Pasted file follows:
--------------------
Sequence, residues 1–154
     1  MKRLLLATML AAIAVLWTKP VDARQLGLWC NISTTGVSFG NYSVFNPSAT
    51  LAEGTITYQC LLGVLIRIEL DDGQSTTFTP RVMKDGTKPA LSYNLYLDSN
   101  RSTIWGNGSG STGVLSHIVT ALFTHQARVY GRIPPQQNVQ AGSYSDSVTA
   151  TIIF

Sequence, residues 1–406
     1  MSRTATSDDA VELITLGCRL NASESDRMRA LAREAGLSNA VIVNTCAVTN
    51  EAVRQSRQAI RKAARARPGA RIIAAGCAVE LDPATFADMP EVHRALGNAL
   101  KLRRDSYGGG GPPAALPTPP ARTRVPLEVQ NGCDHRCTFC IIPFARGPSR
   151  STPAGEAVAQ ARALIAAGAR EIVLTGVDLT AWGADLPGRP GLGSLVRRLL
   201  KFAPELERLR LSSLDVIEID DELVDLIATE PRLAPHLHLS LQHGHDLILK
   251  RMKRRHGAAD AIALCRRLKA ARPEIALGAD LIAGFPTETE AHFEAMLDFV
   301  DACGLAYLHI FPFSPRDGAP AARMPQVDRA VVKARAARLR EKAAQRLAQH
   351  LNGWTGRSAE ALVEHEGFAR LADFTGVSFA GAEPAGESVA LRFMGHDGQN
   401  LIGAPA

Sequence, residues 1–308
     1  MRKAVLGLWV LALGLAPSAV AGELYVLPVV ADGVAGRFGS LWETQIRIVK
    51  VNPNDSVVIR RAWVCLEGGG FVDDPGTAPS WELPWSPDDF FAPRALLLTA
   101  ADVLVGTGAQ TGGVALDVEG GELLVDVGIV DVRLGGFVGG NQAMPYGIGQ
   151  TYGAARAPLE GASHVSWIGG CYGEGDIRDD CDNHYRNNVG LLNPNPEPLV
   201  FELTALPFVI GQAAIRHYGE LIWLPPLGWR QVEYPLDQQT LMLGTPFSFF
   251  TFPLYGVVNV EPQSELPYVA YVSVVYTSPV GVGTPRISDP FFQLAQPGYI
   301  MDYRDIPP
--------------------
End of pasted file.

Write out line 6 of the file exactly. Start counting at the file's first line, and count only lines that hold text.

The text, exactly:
Sequence, residues 1–406